The second book I read in the Back to the Classics Reading Challenge is The Vicar of Wakefield by Oliver Goldsmith first published in 1766. This book falls under the category of a classic originally published before 1800.
The book became very popular at the time of publication and was read and appreciated by many readers of the Victorian Age. Interestingly, the novel is mentioned in various works of George Elliott, Jane Austen, Charles Dickens, Charlotte Bronte, Mary Shelley, and Louisa May Alcott. In fact, The Vicar of Wakefield has the distinction of having never gone out of print since its original publication.
Be that as it may, when all was said and done my thoughts on the book left me somewhat conflicted.
I didn’t quite like it … but I didn’t hate it either! One thing is certain, when I closed it for the last time I had no desire to open it again.
It’s not that I didn’t find some passages well written and memorable. Towards the beginning there was one humorous section that I read out loud to my husband.
The Vicar of Wakefield written during the Age of Romanticism tends to be over sentimental and unrealistic, with much moralizing and a fairy tale ending where all live happily ever after. It’s not that I don’t like happily ever after, but these circumstances require the suspension of reality.
The story of the Primrose family is narrated by the vicar, Dr. Charles Primrose, a loving husband and father of six children. The family endures one misfortune after another but manages to make the best of things for the most part. They are deceived, abused, taken advantage of, with life changing consequences, until finally at the end, all (or almost all) that has been done to them is made right.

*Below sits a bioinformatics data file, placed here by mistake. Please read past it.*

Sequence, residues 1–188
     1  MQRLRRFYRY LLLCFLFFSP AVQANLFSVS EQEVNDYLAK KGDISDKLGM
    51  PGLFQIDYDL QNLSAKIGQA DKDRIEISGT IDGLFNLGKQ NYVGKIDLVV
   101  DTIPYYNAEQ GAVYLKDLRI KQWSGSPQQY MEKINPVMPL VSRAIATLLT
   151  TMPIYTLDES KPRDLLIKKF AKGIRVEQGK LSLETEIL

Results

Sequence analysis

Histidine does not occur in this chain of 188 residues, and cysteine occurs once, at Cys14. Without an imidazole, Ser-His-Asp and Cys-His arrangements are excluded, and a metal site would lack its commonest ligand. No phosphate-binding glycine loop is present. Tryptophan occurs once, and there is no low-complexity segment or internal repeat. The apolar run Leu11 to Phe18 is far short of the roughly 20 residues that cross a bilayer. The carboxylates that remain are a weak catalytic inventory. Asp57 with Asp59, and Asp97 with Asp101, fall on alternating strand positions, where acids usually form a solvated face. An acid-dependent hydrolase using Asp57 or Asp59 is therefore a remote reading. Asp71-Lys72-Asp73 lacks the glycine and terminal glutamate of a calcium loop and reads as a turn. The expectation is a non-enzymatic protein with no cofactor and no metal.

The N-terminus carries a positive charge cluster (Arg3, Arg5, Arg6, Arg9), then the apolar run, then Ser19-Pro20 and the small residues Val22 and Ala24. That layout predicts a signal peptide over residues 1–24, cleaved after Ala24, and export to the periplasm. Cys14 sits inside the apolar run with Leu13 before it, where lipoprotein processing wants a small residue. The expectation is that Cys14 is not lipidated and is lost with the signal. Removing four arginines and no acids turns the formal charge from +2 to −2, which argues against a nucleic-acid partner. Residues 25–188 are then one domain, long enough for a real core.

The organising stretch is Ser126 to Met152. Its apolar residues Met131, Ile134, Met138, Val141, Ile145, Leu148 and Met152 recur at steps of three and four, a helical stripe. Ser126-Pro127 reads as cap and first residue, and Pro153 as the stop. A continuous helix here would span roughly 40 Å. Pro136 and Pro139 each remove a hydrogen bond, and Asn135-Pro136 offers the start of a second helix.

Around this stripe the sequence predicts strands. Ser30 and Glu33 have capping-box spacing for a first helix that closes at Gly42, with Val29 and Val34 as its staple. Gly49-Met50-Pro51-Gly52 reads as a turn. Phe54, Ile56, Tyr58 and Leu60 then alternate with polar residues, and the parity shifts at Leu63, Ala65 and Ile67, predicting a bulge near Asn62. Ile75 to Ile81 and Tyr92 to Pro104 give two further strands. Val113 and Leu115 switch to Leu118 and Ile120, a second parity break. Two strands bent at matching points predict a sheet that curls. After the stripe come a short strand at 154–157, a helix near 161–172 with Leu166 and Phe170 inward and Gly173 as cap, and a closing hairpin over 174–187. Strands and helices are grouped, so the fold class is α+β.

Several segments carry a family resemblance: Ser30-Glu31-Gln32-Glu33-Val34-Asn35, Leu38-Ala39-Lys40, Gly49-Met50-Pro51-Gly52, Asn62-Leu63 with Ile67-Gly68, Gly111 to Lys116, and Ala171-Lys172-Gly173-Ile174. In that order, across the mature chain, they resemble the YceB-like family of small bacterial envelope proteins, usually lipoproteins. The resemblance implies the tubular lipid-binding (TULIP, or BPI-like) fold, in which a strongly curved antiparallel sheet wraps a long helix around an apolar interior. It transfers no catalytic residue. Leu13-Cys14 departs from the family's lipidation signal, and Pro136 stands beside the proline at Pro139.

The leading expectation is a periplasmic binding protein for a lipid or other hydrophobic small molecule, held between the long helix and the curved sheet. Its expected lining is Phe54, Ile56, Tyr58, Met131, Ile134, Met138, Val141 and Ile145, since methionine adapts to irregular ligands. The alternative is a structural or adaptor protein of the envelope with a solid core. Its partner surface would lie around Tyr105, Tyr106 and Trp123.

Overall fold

|Oliver Goldsmith, 1728-1774
The Vicar has a solid faith in Providence and his faith never waivers, or almost never waivers, and if it does he repents immediately. Towards the end he longs for death and heaven to give him the joys that are lost to him on earth.
I do admit that it was difficult to put the book down when reading the final chapters. I couldn’t see how it could possibly all work out in the end, but it does, even if it is pretty unbelievable.
This is not one of those books in which I gush over it and encourage you to read it for yourself. But I won’t tell you it has no redeeming value either. If nothing else it’s a study in forgiveness and perseverance!
I really wanted to like this book. When I began reading it I had high hopes. I almost felt guilty about not liking it, like somehow there was something wrong with me that I wasn’t fully appreciating this English classic.
But I got over it! To each his own, as they say!